This guest post is by Alice Sudlow. Alice is a reader, writer, freelance editor, and self-proclaimed grammar nazi. When she’s not picking apart grammatical errors on product packaging and in news articles, you’ll find her curled up with a YA novel and a cup of tea. You can follow her on LinkedIn.

Of all the nuances of grammar in the English language, this is my greatest pet peeve. No, it’s not “its vs. it’s.” It’s not “there, their, and they’re.” It’s not even the Oxford comma.

Let’s talk conditional sentences.

ollow These Rules To Write Conditional Sentences Correctly

What Is a Conditional Sentence?

A conditional sentence is a sentence that describes a hypothetical situation, like an action or event, and the result of that situation.

Confused? Here’s an easy way to think about it: a conditional sentence can usually use the words “if” and “then.” Here’s an example:

If a zombie apocalypse occurs, then I want to survive.

Real vs. Unreal Conditional Sentences

There are two major types of conditional sentences, and you use them based on how likely the hypothetical situation is to occur.

Real conditional sentences deal with factors that are certain.

If I go to the hardware store today, then I will get a crowbar.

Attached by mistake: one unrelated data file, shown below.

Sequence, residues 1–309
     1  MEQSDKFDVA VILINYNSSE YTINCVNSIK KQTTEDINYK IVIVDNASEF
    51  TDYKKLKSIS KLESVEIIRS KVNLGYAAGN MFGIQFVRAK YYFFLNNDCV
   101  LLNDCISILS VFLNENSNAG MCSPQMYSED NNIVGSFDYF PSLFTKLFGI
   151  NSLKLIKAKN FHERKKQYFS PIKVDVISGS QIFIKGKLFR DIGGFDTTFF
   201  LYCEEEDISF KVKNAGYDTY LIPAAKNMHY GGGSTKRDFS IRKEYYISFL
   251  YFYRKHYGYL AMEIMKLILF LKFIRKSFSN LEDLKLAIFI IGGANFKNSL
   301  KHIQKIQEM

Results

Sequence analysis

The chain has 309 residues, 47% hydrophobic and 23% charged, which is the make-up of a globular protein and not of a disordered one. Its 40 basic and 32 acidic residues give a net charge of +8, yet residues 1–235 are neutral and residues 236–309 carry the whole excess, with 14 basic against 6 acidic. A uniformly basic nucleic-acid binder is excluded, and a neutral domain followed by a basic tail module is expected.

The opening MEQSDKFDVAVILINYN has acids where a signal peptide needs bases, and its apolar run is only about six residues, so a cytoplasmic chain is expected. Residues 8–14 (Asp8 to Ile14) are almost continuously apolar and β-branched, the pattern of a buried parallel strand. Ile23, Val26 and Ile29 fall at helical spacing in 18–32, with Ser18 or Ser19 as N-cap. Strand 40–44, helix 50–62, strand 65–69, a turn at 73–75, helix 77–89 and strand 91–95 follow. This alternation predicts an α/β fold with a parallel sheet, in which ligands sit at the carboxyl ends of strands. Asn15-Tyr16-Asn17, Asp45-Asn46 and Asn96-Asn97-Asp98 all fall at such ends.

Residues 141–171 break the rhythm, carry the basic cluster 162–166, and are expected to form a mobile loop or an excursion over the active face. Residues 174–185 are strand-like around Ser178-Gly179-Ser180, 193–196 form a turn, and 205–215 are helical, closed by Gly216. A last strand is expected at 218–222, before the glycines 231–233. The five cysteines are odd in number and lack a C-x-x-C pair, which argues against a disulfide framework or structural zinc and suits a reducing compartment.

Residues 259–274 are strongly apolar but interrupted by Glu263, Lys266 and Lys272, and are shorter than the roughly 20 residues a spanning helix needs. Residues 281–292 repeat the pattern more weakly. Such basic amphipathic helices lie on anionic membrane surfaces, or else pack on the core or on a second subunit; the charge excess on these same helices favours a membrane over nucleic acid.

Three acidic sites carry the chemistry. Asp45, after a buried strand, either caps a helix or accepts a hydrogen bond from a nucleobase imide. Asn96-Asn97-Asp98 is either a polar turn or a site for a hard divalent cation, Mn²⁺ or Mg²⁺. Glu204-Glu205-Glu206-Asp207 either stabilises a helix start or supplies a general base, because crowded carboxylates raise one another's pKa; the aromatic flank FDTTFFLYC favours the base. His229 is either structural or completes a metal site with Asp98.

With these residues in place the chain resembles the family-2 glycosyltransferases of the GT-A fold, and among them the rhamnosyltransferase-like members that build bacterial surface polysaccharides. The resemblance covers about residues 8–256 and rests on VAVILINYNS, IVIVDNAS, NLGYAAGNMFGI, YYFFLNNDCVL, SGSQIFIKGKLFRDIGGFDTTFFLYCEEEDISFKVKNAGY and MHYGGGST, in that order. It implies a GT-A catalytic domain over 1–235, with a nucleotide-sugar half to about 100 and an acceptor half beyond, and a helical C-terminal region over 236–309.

It’s very possible that I’ll actually go to the hardware store today, and when I'm there, I will definitely get a crowbar. So this is a real conditional sentence.

On the other hand, unreal conditional sentences deal with imaginary situations, things that aren’t likely to happen.

If their chainsaws were not so expensive, then I would get one of those, too.

The problem is that chainsaws are expensive, so I definitely won’t get one. Since finding a low-priced chainsaw at that hardware store is an imaginary situation, this conditional sentence is unreal.

Formulas for Writing Conditional Sentences

Conditional Sentences Meet Zombies

Writing a conditional sentence is like following a formula. Try these common ones out for size:

The Present Real Conditional: If [present situation], then [present result]

If I buy hefty tools, I put them in my zombie preparedness kit.

Note: you can often omit the “then” from conditional sentences. Most of the examples in this post work with or without the “then.” Most writers will omit the “then” in almost all their conditional sentences for simplicity sake.

The Present Unreal Conditional: If [simple past situation], then [conditional result].

If I bought a chainsaw, then I would put it in my zombie preparedness kit, too.

The Past Real Conditional: If [simple past situation], then [simple past result].

Before I created my zombie preparedness kit, I avoided watching zombie movies because if I watched them, then I got really scared.

The Future Real Conditional: If [present], then [future].

If one day we face a zombie apocalypse, I will be ready.

Reversing “If and Then” Order

All formulas for conditional sentences hold true if you reverse the if/then clauses:

I would buy a chainsaw if I could afford it.

Or even if you remove the words “if” and “then” altogether:

Had I a chainsaw, I would feel more prepared.